Judges taste the entries at the 29th Annual Bloomington Salsa Contest. Courtesy photo

With double the entries from the previous year and not a cloud in the sky, Natascha Buehnerkemper, marketing administrator for Bloomingfoods, says the 29th Annual Bloomington Salsa Contest couldn’t have gone any better.

“The beautiful weather that day had to have played a part in the amazing attendance,” Buehnerkemper says of the two-hour event, which drew more than 1,000 people. “The place was absolutely packed.”

The contest was co-sponsored by Bloomingfoods and the City of Bloomington.

Forty-four entry packets, each containing a recipe card, two 16-ounce containers, and an entry form, were sold for $5 each at both Bloomingfoods locations. Contestants could enter salsas in three categories: cooked, raw, and specialty (in which tomatoes could be included, but could not be the main ingredient).

Judges for the contest were Chris Gaal, Carol Kugler, and Bobbi Boos (cooked); Lynn Schwartzberg, Stacey Giroux, and Harold Adkisson (raw); and Susan Welsand, Tim Clougher, and Emily Winters (specialty).

Arthur Murray Dance Studios provided music and salsa dance demonstrations, while Upland Chef Chris Swartzentruber created two salsas on-site for the event, and Bivi’s Tamales provided salsas to sample. Three tents showcased the contest entries, and market attendees were free to sample them while they lasted.

First- through third-place prizes were awarded in each category, with winners receiving gift bags. The bags were filled with items donated by local businesses which sponsored the contest. “This is a great example of how our community works,” Buehnerkemper says. “Bloomingfoods and the Farmers’ Market wouldn’t exist without our local vendors, and the prizes we could give to our winners are an illustration of that.” —Carmen Siering

Visitors to the contest could sample the salsa entries as long as they lasted. Courtesy photo


The Winners

1st Place Raw Salsa

Salsa del Alma (Soul Salsa)

by Elizabeth Sweeney

This is called Soul Salsa because sometimes eating it is just the kind of experience we need to restore energy to our souls. Voluptuous heirloom tomatoes provide the body of the salsa, while savory cumin; sharp, hot chiles; and the bright, clean flavors of fresh lime and cilantro leave the palate satisfied. This salsa works well on thin or hearty chips as well as tacos and huevos rancheros.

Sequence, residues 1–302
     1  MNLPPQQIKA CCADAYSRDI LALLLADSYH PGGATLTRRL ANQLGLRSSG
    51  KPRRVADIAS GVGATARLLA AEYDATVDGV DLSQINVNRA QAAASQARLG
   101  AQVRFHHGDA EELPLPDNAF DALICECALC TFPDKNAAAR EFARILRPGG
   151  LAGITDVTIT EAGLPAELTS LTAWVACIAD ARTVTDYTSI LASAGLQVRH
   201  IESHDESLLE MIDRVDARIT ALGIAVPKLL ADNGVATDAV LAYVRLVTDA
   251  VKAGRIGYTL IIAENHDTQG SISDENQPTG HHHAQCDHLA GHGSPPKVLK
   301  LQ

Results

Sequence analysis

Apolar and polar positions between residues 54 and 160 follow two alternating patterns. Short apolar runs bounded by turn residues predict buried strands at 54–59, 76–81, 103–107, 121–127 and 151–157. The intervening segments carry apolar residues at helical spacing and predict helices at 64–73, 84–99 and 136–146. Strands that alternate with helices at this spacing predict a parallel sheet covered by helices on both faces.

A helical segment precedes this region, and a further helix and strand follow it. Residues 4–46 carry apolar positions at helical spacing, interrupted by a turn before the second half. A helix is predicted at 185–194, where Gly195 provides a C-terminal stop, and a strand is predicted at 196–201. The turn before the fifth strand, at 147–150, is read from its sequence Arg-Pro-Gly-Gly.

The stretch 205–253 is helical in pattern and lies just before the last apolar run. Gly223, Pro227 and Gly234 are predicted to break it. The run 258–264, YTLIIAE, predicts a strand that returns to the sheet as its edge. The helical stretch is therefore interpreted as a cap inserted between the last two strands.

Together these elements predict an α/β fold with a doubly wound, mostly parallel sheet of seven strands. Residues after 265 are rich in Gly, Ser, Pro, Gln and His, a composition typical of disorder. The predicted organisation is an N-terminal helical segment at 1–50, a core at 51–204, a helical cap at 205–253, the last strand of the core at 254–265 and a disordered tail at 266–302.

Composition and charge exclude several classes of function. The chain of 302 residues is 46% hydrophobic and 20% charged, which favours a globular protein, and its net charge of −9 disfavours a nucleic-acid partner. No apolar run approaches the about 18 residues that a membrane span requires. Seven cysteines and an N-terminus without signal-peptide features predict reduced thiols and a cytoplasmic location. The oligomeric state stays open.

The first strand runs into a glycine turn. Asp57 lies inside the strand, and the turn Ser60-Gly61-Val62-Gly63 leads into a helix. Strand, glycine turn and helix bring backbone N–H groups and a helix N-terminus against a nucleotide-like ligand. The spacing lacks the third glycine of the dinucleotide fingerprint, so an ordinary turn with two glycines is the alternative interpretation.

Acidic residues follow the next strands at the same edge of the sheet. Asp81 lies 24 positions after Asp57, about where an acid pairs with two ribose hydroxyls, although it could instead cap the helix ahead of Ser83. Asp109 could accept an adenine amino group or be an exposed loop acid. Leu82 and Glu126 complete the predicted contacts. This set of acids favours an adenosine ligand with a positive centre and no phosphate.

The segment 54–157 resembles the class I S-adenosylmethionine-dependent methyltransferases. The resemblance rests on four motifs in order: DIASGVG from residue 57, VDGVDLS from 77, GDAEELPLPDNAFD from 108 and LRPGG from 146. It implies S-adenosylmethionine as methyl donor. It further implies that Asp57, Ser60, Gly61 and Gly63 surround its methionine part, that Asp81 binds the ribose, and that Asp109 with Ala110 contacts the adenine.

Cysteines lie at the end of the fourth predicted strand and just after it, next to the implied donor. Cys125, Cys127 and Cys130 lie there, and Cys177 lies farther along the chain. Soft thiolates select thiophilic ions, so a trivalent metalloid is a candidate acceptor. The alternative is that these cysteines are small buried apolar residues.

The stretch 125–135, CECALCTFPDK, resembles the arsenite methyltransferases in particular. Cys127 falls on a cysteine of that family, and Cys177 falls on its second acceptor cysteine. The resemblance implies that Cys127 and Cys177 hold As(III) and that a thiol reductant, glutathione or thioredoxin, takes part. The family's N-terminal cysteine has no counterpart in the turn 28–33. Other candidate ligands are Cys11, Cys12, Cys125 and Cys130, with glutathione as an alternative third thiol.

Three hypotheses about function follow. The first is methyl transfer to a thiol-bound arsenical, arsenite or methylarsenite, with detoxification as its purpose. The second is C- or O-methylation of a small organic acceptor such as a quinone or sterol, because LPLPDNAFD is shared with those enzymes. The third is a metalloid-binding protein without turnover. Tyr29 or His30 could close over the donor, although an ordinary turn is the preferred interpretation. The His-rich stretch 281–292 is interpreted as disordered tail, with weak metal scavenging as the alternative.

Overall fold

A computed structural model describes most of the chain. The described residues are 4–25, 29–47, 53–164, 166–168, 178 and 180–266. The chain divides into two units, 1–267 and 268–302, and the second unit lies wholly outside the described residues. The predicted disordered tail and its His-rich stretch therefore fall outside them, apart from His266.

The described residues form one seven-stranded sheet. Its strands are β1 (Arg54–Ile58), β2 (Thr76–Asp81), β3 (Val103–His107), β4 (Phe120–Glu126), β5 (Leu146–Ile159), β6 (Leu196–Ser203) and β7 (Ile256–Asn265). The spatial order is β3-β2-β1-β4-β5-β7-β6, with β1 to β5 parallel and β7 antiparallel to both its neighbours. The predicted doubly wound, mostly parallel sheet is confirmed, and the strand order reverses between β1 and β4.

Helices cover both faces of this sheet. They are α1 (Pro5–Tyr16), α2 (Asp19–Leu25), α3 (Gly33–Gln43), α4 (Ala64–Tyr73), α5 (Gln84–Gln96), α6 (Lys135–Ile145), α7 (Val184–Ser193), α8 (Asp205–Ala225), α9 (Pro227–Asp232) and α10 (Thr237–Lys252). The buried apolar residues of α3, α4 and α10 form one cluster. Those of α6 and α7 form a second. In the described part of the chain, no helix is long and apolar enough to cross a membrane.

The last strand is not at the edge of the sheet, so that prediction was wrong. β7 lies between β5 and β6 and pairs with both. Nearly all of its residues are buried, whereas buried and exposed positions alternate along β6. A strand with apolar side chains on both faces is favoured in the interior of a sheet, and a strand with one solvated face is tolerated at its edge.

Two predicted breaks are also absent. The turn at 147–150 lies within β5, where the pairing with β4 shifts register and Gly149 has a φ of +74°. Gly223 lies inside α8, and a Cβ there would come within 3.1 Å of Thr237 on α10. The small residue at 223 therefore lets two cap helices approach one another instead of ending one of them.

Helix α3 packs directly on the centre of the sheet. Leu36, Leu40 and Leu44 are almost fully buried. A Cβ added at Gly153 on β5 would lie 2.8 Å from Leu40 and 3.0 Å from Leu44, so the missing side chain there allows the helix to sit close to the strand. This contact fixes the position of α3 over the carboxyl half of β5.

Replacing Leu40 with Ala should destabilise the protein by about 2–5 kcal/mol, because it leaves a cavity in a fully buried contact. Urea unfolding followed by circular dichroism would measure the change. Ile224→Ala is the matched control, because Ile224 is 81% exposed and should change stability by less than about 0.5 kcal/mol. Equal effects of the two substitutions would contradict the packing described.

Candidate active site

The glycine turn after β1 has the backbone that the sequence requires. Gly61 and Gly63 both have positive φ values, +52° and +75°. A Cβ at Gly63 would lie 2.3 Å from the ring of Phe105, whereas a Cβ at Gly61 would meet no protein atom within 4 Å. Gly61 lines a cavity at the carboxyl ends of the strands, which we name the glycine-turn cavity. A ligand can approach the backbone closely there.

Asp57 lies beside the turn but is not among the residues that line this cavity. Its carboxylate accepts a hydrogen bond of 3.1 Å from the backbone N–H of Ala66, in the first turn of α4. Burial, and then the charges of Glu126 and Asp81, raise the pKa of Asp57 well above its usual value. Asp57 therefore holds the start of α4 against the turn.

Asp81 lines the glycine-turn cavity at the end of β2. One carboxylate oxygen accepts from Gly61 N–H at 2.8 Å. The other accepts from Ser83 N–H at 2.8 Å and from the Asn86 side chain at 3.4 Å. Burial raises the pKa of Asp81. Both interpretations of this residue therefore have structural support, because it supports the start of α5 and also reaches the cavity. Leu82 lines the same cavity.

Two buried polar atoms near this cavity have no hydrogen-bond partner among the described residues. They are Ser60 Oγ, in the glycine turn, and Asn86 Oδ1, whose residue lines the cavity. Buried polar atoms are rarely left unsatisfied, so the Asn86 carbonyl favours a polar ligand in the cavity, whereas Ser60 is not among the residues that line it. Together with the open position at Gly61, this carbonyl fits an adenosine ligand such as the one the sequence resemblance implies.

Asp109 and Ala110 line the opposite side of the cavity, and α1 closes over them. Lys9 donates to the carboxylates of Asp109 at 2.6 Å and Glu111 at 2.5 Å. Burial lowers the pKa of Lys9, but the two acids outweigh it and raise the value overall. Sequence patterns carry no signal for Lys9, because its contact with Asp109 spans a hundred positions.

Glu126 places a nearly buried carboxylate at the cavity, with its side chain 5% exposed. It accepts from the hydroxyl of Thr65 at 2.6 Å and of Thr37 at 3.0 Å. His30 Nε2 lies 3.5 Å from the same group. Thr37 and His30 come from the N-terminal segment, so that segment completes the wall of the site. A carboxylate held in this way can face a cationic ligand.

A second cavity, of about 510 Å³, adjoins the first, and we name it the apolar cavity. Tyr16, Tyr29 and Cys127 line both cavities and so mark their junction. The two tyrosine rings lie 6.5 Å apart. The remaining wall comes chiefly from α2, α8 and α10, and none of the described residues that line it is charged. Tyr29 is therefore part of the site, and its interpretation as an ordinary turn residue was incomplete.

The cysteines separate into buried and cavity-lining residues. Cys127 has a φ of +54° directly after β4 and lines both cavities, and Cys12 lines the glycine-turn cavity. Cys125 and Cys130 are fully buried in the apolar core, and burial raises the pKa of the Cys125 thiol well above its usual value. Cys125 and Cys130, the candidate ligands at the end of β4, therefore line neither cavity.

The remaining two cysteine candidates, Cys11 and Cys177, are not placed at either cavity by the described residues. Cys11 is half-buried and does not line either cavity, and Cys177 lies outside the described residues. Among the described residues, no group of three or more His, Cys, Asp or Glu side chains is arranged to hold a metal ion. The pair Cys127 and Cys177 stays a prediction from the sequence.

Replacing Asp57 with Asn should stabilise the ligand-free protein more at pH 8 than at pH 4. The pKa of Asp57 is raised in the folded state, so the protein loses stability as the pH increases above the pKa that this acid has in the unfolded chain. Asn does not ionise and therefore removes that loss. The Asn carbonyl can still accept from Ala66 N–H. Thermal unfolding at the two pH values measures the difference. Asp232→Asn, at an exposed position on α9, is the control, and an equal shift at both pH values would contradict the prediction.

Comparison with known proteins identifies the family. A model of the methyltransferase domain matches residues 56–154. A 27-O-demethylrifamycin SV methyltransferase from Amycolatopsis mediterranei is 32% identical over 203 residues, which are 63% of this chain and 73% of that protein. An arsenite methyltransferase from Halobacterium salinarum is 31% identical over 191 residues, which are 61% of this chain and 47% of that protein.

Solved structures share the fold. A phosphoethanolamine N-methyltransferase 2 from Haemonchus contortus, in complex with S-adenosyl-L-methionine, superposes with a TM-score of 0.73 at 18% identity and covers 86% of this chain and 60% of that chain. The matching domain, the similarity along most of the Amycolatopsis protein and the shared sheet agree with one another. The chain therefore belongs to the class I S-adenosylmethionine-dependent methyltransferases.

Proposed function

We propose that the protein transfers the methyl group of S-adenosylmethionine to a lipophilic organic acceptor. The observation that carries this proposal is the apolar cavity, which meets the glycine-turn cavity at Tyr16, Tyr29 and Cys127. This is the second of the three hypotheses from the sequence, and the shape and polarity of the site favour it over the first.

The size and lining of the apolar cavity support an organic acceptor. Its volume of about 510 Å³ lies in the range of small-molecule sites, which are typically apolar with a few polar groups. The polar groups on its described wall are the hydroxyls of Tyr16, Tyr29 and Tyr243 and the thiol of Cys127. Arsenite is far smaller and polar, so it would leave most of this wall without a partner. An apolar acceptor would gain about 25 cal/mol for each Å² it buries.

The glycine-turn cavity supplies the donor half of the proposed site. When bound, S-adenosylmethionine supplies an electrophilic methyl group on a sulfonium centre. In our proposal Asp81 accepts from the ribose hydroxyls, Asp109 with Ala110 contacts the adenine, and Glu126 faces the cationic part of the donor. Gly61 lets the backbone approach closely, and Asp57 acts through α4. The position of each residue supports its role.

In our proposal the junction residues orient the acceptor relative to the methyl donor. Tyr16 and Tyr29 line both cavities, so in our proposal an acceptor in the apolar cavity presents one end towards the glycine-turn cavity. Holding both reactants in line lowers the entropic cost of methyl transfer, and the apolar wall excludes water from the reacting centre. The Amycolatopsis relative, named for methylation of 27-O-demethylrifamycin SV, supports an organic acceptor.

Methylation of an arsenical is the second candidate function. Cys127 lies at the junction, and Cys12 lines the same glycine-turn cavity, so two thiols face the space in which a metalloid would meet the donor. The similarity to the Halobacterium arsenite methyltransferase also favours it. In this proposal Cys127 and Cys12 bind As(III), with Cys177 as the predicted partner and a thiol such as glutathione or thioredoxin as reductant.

• 6-8 assorted heirloom tomatoes
  • 1/2 white onion
  • 1/2 red onion
  • 1/2 Hungarian wax pepper, seeds and membrane discarded
  • 1 serrano chile, seeds and membrane discarded
  • 1 jalapeño pepper
  • 2 cloves garlic, peeled and halved
  • 1 bunch fresh cilantro, washed well, chopped roughly
  • 1 teaspoon sea salt
  • 1/2 teaspoon ground cumin
  • 1/2 teaspoon fresh lime zest
  • Juice of 1 lime


Chop the onions roughly and soak them in a bowl of ice water while preparing the rest of the salsa.

Wash and core the tomatoes. Cut each in half and squeeze out the seeds.

Process tomatoes in stages in a food processor. I like to have some tomatoes that are close to a purée (about 45 seconds) and some that are chunkier. Leave some in large chunks so you can process them with other ingredients later.

Drain tomatoes in a colander for at least 30 minutes.

After draining most of the liquid from the tomatoes, put the larger pieces back into the food processor along with the onions, chiles, garlic, and cilantro. Pulse about eight times, or until the mixture is the preferred consistency.

Mix all ingredients in a large bowl. Add spices to taste. Refrigerate at least 90 minutes.

1st Place Cooked Salsa

Jake’s Tex-Mex Autentico

by Jacob Marks


  • 20 tomatoes: 10 Roma and 10 assorted organic
  • 3 tablespoons cilantro: 2 tablespoons puréed, 1 tablespoon diced
  • 1 red onion: 1/2 finely diced, 1/2 puréed
  • 3 jalapeño peppers: 2 roasted, 1 fresh and deseeded
  • 1 heaping teaspoon cumin
  • 1 tablespoon brown sugar
  • Juice of 1 1/2 limes
  • 10 cloves garlic, puréed
  • Salt and pepper to taste


Cut 3/4 of tomatoes in half and broil on high for 15-20 minutes.

Cut 2 jalapeños in half and broil on low for 15 minutes per side or until browned.

Put tomatoes, jalapeño peppers, 1/2 puréed onion, 2 tablespoons chopped cilantro, sugar, cumin, lime juice, and garlic into medium pot. Using hand blender, lightly purée until the consistency is chunky.

Add remainder of puréed onion, finely diced onion, and 1 tablespoon of diced cilantro.

Drain excess liquid through mesh strainer. Salt and pepper to taste.

1st Place Specialty Salsa

Avocado Tomatillo Salsa Verde

by Luz Lopez

This salsa is made with fresh, organic ingredients and is very common in Central Mexico where it is used for tacos al pastor or other grilled meats.

Optional: Add chopped fresh onion, cilantro, and top with small pieces of avocado for better flavor.


  • 2 1/2 lbs. tomatillos, husked and rinse
  • 2  large onions
  • 10 cloves garlic
  • 4 jalapeño peppers
  • 2 tablespoons vegetable oil
  • 4 teaspoons ground cumin
  • 2 teaspoons salt
  • 1 packed cup cilantro
  • 3 avocados
  • 1 lime (optional)


Preheat oven to 450°F.

Peel and chop onions into quarters. Place the tomatillos, onions, garlic, and jalapeños on a rimmed baking sheet. Drizzle with oil.

Roast in the oven for 15 minutes, until the exteriors are blistered but the insides are still slightly raw.

Meanwhile, halve the avocados, remove the seeds, and scoop out the flesh. Cut the jalapeños in half and scrape out the seeds. Discard seeds.

Place half of the tomatillos, onions, jalapeños, and garlic in a food processor. Pulse until mostly smooth.

Add half of the cumin, salt, cilantro, and avocado. Pulse until the avocado is pureed into the mixture. Taste for salt.

Repeat with the remaining ingredients. If you desire an extra-tart quality, add a bit of lime juice at the end.